Perry tied atop Masters leaderboard with Campbell
AUGUSTA, Ga. — Kenny Perry thought he had a storybook ending to his career when he helped the Americans to a Ryder Cup victory on his native Kentucky soil and shared an emotional embrace with his father.
But that triumphant ride toward retirement is taking a stunning detour down Magnolia Lane.
With one last birdie to cap off what he called one of the best rounds he ever played, Perry shot a 5-under-par 67 on a blustery Friday at the Masters to share the lead with Chad Campbell going into the weekend.
About the only thing Perry hasn’t done is win a major, however, the 48-year-old could be golf’s oldest major champion if he pulls this off.
“I’ve had a great career, and I’d be very satisfied if it ended today,” Perry said. “The Ryder Cup, I can’t express to y’all how much that meant to me. That was the ultimate of anything I have ever, ever been a part of or accomplished, be it any of my 13 wins.
“But Dad has always said, ‘You need to win that green jacket.’ He always calls me and tells me.”
Augusta National was tougher than the opening round, but even with tougher pins and a gusts that swirled through Amen Corner and lasted deep into the afternoon, the fireworks were just as endless.
Campbell got off to another solid start and finished with a 25-foot birdie for a 70, sharing the lead with Perry at 9-under 135. They had a one-shot lead over former U.S. Open champion Angel Cabrera, who had a 68.
Anthony Kim set a tournament record with 11 birdies on his way to a 65 — 10 shots better than his first round — to get into contention in his Master debut. Phil Mickelson was on the verge of missing the cut until he played his last seven holes in 5 under for a 68. Sergio Garcia shot a 67, the first time he has broken par at the Masters in five years.
There were a record 17 eagles in the second round, breaking by two the mark set in 1997.
Tiger Woods couldn’t join this parade of birdies and eagles for the second straight day. All three of his birdies were followed by bogeys, and his 72 left him seven shots behind. Woods has never won a major when trailing by more than six shots after 36 holes.
“It was just tough all round,” said Woods, who headed straight for the practice range.
Maybe for him, but not for the 25 players who managed to break par.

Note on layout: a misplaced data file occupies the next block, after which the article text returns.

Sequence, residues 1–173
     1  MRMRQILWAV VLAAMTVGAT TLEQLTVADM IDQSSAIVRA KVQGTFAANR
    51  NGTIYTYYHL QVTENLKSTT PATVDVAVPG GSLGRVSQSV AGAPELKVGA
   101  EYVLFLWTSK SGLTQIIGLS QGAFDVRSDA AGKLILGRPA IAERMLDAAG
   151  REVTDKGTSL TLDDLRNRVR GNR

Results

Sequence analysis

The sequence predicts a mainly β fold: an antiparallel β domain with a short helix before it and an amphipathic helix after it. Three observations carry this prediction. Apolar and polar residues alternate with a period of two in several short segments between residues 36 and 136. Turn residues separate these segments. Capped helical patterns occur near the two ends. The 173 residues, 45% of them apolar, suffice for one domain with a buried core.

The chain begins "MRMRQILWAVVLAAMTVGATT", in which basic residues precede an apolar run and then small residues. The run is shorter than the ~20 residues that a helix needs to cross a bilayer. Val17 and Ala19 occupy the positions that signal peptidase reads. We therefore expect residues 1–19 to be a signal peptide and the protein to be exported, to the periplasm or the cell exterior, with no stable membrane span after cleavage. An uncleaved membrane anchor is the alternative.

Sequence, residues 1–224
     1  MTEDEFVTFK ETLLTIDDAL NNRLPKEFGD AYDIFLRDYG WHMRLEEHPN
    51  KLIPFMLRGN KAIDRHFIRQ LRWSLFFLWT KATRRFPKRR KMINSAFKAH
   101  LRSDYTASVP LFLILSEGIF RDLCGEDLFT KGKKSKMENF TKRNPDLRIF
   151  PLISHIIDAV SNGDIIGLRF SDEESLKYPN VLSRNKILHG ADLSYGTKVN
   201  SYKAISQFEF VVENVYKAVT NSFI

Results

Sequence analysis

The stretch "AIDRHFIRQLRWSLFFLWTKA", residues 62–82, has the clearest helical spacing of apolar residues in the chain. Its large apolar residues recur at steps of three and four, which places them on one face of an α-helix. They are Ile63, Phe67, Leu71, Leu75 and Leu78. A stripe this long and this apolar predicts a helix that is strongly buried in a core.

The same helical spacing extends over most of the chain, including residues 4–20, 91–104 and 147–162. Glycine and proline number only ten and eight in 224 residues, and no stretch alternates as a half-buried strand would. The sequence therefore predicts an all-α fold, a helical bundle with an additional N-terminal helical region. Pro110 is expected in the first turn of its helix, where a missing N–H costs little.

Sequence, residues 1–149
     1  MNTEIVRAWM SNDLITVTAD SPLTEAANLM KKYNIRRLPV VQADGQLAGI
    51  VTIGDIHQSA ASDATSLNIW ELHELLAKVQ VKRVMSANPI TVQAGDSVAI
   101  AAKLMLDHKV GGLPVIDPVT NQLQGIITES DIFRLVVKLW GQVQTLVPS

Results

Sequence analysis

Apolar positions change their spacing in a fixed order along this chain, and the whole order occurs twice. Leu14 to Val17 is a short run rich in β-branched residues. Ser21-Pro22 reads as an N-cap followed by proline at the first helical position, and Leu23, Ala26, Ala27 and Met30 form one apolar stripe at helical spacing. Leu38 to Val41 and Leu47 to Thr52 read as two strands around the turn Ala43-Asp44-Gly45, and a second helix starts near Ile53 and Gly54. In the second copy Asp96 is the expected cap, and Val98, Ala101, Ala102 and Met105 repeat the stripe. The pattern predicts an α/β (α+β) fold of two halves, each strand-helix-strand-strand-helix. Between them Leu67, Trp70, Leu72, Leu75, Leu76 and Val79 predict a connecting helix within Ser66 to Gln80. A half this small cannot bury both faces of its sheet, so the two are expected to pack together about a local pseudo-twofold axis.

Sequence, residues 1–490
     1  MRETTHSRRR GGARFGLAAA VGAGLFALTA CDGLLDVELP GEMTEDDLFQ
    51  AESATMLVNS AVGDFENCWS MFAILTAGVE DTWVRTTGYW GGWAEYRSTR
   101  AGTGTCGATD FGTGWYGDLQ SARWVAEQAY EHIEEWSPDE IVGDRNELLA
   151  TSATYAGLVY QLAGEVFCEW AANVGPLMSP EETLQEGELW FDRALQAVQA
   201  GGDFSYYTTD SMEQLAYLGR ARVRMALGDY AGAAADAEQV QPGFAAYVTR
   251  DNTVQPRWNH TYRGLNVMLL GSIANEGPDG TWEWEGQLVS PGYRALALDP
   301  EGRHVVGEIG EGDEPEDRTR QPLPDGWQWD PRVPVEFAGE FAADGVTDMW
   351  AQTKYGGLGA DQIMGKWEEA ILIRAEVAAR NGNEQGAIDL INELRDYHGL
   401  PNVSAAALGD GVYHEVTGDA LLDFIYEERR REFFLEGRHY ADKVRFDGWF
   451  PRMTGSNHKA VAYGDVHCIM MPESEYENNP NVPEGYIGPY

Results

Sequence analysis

The return of the Shark lasted only two days. Greg Norman shot 40 on the back nine for a 77 to miss the cut by two shots in what likely will be his last time playing the Masters, 22 years without ever getting upstairs to the champions’ locker room.
Is there room up there for a 48-year-old from Kentucky?
“Everything is a bonus now, it really is,” Perry said. “I’m just going through each and every day enjoying life a little bit. I think I can win. I’m not going out there very casually. I’m burning inside, wanting to kick everybody’s butt.”
Jack Nicklaus was 46 when he became the oldest Masters champion in 1986. The oldest to win any major was Julius Boros, who was 48 when he won the 1968 PGA Championship. Perry is about four months older.
Despite his paltry record at the Masters — five missed cuts in eight appearances — a victory would not be all that surprising. Perry won earlier this year in Phoenix and is No. 11 in the world ranking.
He has a new driver that makes him feel as though he will hit every fairway, a 64-degree sand wedge that has helped take the edge off the scary chips around the green, and he is putting better than ever. No wonder he made it through yesterday without a single bogey.
“That was probably one of the greatest rounds I’ve ever played,” Perry said. “I just didn’t have any nerves. I was so comfortable out there today. I don’t know how to explain it. But it was just easy.”
It was easy enough for Todd Hamilton, the former British Open champion who has had only two top 10s since his victory at Royal Troon five years ago. In his final year of eligibility at the Masters, he had a 70 and was in fourth place at 6-under 138.
Kim was in the group at 4-under 140 that included Garcia and Jim Furyk (74), while Mickelson’s late rally put him in a tie for 11th at 141 along with Geoff Ogilvy (70), Steve Stricker (69) and 46-year-old Vijay Singh (70).
Greensburg native Rocco Mediate shot a 2-under 70 and is eight shots back heading into the weekend.
“I haven’t been making 11 birdies in two days, so to make 11 in one day is pretty special,” said the 23-year-old Kim, regarded as the next American star in golf. “And obviously, to do it at Augusta is amazing. Hopefully, I can build off that, and if I keep the putter hot, I like my chances here.”
Padraig Harrington’s hopes of a third straight major took a dive with a 73, leaving him seven shots behind. Not only was he crushed by seeing four putts spin around the lip, the Irishman was assessed a one-shot penalty on the 15th hole when a gust moved his ball after he had grounded his putter.
He was tied with Woods, and not about to give up — not this year, on this golf course.
“Here at Augusta, it is not a big deal to be seven behind,” Harrington said. “There are a number of players under par and we’re expecting a tougher challenge over the weekend.”
Campbell has been here before, leading after two rounds in 2006 when he wound up in a tie for third. He pulled away early with great wedge play that set up two birdies and a 7-iron to short range on the fourth hole, one of several where the tees were moved up.
“I don’t really know exactly what I learned,” Campbell said, referring to his 36-hole lead three years ago, “but I know it’s nice that I’ve been in that position before. There’s still a long ways to go, but it’s definitely nice to not be on foreign ground.”
The cut was at 1-over 145, the lowest since Augusta National went through its first big overhaul to lengthen the golf course.